Incentive and pricing policy: Based on the results of information policy one has to provide incentives given by the society, institutions, companies, etc., on all levels.
In commercial marketing the wished-for behaviour is mostly that the addressed people should buy a thing. In social, or non-profit marketing, the wished-for behaviour is most often some change in habits, or routines, or attitudes.
The Work Programme
WALCYNG was divided into 12 different work packages (WP). The first seven work packages covered the information and product policy part. The last work packages dealt with
communication and incentive policy.
In the first four work packages, all available information about the target groups, and of the preconditions for walking and cycling was collected (WP 1 to 4). This was analysed on basis of existing literature, expert interviews etc.. In work package 5, results of these work packages were summarised and synthesised. The results of WP 5 were based both on the previous reports and on a three-day consortium workshop.
In order to obtain information on pedestrians´ and cyclists´ attitudes towards their present situation, towards the strongest practical attractors for walking and cycling and the most severe barriers, semi-standardised attitude surveys with strong qualitative elements were carried out in four European countries (Italy, Spain, Finland, Austria). Part of the interviewees in the attitude surveys were practising pedestrians and cyclists and the other part were car drivers. In addition a stated preference study was carried out in Norway (WP 6).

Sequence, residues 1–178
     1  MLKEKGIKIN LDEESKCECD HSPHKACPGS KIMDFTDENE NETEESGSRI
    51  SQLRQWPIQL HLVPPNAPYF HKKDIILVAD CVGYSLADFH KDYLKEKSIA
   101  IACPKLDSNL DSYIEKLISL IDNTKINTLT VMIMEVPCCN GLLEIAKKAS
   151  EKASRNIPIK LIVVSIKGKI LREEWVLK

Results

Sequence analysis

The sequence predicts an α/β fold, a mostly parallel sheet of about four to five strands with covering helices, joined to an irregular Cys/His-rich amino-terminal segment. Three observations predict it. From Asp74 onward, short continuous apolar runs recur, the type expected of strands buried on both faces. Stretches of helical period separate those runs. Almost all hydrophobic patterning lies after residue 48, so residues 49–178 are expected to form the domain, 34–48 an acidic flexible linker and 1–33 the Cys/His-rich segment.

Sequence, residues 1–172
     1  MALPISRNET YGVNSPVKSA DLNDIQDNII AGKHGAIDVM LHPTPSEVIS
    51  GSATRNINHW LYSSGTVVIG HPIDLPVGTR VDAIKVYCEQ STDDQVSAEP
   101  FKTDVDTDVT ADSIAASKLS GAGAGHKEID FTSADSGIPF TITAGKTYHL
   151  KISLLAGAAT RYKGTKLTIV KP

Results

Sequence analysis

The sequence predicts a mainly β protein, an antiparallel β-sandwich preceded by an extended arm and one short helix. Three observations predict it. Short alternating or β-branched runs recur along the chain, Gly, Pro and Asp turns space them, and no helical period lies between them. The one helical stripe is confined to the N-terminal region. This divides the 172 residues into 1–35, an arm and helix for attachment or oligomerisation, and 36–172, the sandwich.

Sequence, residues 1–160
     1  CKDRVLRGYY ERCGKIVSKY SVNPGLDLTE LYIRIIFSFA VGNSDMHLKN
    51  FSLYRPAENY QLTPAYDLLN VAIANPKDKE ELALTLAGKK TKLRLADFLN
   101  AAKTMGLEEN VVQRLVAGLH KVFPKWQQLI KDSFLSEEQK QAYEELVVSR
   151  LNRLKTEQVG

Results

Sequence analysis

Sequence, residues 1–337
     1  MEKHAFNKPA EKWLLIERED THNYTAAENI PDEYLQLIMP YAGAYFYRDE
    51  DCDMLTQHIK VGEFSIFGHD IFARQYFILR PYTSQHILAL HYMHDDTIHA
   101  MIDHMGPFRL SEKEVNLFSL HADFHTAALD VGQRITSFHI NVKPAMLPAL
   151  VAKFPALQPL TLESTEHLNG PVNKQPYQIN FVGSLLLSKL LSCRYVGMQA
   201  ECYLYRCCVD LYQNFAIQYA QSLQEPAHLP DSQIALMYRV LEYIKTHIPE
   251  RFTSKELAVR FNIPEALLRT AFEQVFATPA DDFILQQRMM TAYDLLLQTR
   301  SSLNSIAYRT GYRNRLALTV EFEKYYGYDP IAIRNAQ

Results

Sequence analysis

On a consortium workshop, the criteria that should be respected when planning infrastructure for walking and cycling considering the target groups´ needs were discussed (WP 7). The results formed the basis for the Walcyng Quality Scheme, the WQS. This is the Product and distribution policy part of the marketing model.
What incentives should and could be provided for car drivers in order to make them walk and cycle instead of using the car for short distances (WP 8)? This question was dealt with the help of literature studies, round table discussions with experts, and expert interviews. WP 8 deals with the Incentives/Pricing part of the marketing model.
All persons and institutions that want to enhance walking and cycling are of course interested in means to improve communication with their target groups. Methods to deal with this topic were literature studies, expert interviews and case studies (WP 9).
How should researchers and practitioners prepare themselves for the structural difficulties they will meet with a topic that so far is considered of inferior importance? The concept of